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Things You Never Knew About Davy Crockett

David “Davy” Crockett is revered as a folk hero in the United States and is frequently linked to the Alamo and the other battles he fought during major wars. His fame soon spread to plays, books, movies, TV series, and other media. Crockett, though, might not be exactly how the media portrays him to be. Read on to learn the whole truth about this renegade frontiersman.


Early Life

On August 17, 1786, the legendary Davy Crockett was born in Tennessee’s eastern region. The region was actually a North Carolina breakaway territory at the time. Franklin was the name of the autonomous territory. A few years later, North Carolina recaptured Franklin. Then, Tennessee was incorporated into the region.

Like many young people in school, Crockett experienced bullying. He made the decision to exact retribution when he was 13 and beat up his tormentors. He began skipping school because he was afraid of the repercussions. Crockett left home and didn’t return for almost three years when his father found out.


He Was A Master Woodsman And Hunter & Participated In Several Wars

During his time away from home, Crockett made it a point to educate himself about frontier customs.

Crockett quickly became a proficient hunter and outdoorsman. He was primarily renowned as a skilled bear hunter. Over the course of seven months, he killed 105 bears, selling the oils extracted from their fat, pelts, and flesh for a healthy profit.

The Creek War, in which he and thousands of other Tennessee soldiers battled against Creek Indians, was one of the earliest conflicts Crockett participated in. Crockett was employed there as a scout and wild game hunter.

Crockett fought in the Creek War and the War of 1812 which were both fought under Andrew Jackson’s command. He did not, however, spend much time in battle.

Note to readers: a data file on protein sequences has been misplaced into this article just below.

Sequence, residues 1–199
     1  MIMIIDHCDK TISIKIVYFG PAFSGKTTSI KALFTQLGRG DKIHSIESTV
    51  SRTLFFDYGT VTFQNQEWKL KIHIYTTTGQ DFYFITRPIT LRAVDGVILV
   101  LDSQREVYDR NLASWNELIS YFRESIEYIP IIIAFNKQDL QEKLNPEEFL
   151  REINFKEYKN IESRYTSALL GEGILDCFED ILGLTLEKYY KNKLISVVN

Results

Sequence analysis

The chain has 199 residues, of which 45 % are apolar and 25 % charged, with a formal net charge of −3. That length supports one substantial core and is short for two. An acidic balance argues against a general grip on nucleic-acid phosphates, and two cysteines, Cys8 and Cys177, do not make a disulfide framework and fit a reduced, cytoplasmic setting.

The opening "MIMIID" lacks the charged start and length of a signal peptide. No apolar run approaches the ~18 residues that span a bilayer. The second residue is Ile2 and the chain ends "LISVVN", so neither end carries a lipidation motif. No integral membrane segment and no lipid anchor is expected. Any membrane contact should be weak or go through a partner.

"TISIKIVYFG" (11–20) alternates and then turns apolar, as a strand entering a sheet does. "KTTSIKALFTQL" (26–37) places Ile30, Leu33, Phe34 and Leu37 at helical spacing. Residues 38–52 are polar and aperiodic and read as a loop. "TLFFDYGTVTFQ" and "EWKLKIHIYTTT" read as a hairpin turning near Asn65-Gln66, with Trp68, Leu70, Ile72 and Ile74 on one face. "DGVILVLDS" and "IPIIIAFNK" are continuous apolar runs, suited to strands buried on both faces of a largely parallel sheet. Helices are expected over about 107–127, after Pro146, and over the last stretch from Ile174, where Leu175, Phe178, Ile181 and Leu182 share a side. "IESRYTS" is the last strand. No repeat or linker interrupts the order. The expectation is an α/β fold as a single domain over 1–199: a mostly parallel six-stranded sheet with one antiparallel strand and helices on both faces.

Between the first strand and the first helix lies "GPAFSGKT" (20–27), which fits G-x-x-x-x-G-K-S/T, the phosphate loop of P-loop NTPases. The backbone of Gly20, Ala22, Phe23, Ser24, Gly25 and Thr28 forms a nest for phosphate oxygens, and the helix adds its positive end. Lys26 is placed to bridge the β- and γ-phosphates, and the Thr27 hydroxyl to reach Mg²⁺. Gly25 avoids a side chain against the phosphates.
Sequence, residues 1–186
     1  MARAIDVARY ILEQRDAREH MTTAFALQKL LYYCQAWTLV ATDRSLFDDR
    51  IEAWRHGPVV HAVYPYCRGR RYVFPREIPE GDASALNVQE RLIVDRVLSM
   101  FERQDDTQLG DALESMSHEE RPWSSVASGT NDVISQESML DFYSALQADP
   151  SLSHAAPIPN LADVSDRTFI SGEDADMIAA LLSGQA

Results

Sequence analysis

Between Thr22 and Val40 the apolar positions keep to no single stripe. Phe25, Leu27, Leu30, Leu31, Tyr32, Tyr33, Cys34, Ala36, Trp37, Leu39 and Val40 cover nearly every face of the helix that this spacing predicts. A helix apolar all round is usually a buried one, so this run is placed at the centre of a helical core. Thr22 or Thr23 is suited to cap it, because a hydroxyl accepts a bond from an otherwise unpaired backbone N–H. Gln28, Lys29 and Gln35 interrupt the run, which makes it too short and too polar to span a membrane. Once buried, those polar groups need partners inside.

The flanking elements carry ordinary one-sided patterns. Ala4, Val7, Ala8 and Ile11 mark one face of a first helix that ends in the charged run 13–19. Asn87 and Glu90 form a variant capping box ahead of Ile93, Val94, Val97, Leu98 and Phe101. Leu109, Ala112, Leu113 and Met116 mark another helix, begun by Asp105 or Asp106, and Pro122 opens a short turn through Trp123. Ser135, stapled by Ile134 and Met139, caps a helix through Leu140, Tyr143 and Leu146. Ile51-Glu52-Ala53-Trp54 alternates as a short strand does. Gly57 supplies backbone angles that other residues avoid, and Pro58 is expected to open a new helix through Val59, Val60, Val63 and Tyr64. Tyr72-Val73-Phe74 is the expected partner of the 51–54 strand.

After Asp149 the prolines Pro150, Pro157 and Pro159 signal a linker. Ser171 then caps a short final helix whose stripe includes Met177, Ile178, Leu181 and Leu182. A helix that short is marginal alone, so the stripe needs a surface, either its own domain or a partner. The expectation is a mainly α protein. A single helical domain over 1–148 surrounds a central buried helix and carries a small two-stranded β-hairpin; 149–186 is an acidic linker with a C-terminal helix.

A Legislator & A Business Man

Crockett served two terms as a Tennessee state legislator after leaving the military. He was then elected to the U.S. House of Representatives. People admired him for his down-home demeanor and support of the underprivileged.

His steadfast resistance to Andrew Jackson’s Indian Removal Act, however, caused him to lose his last race. During his six years in Congress, he was unable to pass a single piece of legislation. In 1825, after losing his seat, he began a new career.

He started a company that made barrels. Once he was carrying his load down the Mississippi River in a boat when it started to capsize. At the last second, Crockett was saved by his shipmates.


The Play That Made Him Famous & Saving Andrew Jackson’s Life

After the 1831 New York City premiere of the play The Lion of the West, the world learned even more about Crockett. In the play, the narrative of Crockett’s stint in Congress was dramatized. Crockett saw the play when it visited Washington, D.C., and he was ecstatic about it.

In addition, despite the fact that they clashed frequently, Crockett once saved Andrew Jackson’s life.

A gunman by the name of Richard Lawrence attempted to kill Jackson on January 30, 1835, in front of the US Capitol. Crockett was able to disarm him and wrestle him to the ground when his gun accidentally fired.


Walt Disney’s Connection to Crockett

Thanks to Walt Disney, Davy Crockett’s legacy quickly came to dominate the early 20th century. He produced several highly successful TV shows and motion pictures about Davy Crockett.

Soon, toys with frontier themes were available for kids, and at one point 5,000 coonskin hats were being sold each day.